But the tide may be turning.
Miller's ability to persuade Attorney General Greg Stumbo to file suit against the General Assembly for stopping the KAPT raid on the General Fund (under the bizarre claim that the opposite happened) is interesting. Their position is untenable and they must know it. General tax dollars were never intended to pay for bad "investment schemes." Much like the Harry Reid claim that a Social Security that can pay 70% of benefits before digging into taxpayer pockets isn't bankrupt, House Budget Chairman Harry Moberly declares KAPT "safe" by explaining that "No General Assembly is going to leave current (KAPT) contract holders in the breach." Translated, this means that Democrats aren't worried about structural problems with these two programs because when the going gets tough they can just raise our taxes. And, unfortunately, Republicans will be able to do little about it when that time comes; hence the efforts at reform now. But you aren't going to see that explained in the news.
Another key point that hasn't been explored in the old media is that the liberals who insist that the same financial markets that can't be trusted to keep Social Security contributions earning more than general wage inflation (which they easily do) can be trusted to keep KAPT contributions earning more than college tuition inflation (which they can't consistently do).
And they say conservatives rely too much on faith.

Tuesday, March 29, 2005

Professionals in Pajamas

The University of Southern California is hiring a blogger and paying $45,000 for a six month project. The funny thing is that this is listed on The job requires fluency in Japanese, but the point remains: the vast majority of "real journalists" will never get close to a six figure income. So the next time Joe Schmo at the Daily Fishwrap comes up with another snide remark about bloggers in pajamas, be cool, be calm, and smile.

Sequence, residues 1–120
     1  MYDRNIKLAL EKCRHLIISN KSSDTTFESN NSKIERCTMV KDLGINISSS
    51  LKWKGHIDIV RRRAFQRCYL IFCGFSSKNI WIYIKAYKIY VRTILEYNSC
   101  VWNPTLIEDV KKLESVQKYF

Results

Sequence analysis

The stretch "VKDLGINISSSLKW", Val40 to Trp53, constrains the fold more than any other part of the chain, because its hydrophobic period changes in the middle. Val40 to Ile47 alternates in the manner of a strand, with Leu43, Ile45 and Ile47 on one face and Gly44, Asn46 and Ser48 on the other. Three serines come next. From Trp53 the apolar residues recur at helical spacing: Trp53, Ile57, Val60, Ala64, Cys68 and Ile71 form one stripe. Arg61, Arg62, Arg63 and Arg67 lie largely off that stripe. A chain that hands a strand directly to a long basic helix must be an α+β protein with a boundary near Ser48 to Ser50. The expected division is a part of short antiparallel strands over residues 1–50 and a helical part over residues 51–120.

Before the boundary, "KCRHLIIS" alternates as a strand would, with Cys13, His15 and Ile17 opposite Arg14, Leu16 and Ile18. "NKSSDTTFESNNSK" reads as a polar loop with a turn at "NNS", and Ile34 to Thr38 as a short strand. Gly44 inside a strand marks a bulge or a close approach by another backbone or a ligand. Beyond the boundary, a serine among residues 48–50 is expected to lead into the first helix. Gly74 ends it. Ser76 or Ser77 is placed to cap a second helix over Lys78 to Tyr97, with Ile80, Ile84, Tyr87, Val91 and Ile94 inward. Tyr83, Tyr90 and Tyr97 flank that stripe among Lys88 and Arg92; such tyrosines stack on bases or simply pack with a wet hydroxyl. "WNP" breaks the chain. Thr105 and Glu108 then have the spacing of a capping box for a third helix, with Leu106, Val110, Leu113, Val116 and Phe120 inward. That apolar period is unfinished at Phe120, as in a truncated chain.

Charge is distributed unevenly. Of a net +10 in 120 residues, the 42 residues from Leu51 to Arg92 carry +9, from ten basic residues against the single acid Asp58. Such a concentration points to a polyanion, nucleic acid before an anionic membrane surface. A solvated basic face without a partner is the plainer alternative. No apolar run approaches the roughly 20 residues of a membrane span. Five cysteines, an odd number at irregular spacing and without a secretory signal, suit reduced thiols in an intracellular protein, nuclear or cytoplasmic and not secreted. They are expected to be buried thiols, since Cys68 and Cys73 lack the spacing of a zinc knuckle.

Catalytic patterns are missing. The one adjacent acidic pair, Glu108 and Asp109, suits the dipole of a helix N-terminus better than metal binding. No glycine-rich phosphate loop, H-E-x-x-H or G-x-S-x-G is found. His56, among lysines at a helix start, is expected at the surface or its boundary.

Our day will come. Soon.

Monday, March 28, 2005

Bloggers on Lexington Radio

Tune in to the Dave Baker Show on WLAP 630 AM Tuesday March 29 at 10 AM for a discussion about blogging and the latest issues with bloggers Leland Conway and David Adams. Also available on the internet at The call-in number is (859) 280-2287.

Ben Chandler Wants More of Your Money

An emailer to the Jack Pattie Show this morning asked Rep. Ben Chandler, in light of his recent calls for tax increases to avoid dealing with the fundamental problems with Social Security, if he was being dishonest now or in early 2004 when he promised not to support tax increases.

The fact is that raising payroll taxes doesn't address Social Security's unfairness. Further, here is how personal accounts will make the program solvent without tax hikes or benefit cuts.

Lexington Writer Draws Attention

Kudos to Michele Ferguson, a Lexington Herald Leader Community Columnist, for drawing not one but three letter writers' wrath in Sunday's newspaper. Her writings have been stirring things up for a while. Nice job Michele.

Saturday, March 26, 2005

Faulty Economics Indeed

More evidence that the left is cracking up comes from fellow central Kentucky blogger Bluegrassroots in a post by Brad Clark. Below is the entire post with my corrections in bold.

Faulty Economics: The Myth of an Independent Dollar
The dollar has had its day in the sun. (Bad start. This is highly debatable and nothing in this essay supports such a statement.) Any lingering warmth from the day will soon fade with nightfall. (Soon? Evidence? No, this is just wishful thinking.) In 1980, the United States was the world's strongest creditor; the dollar setting the standard for international currency exchange, and the value of commodities such as oil, gold, and copper. Even today, the dollar is the standard by which international markets determine value, even though twenty-five years later, the United States is the world's leading debtor. (Factoids don't advance your ambitious premise.)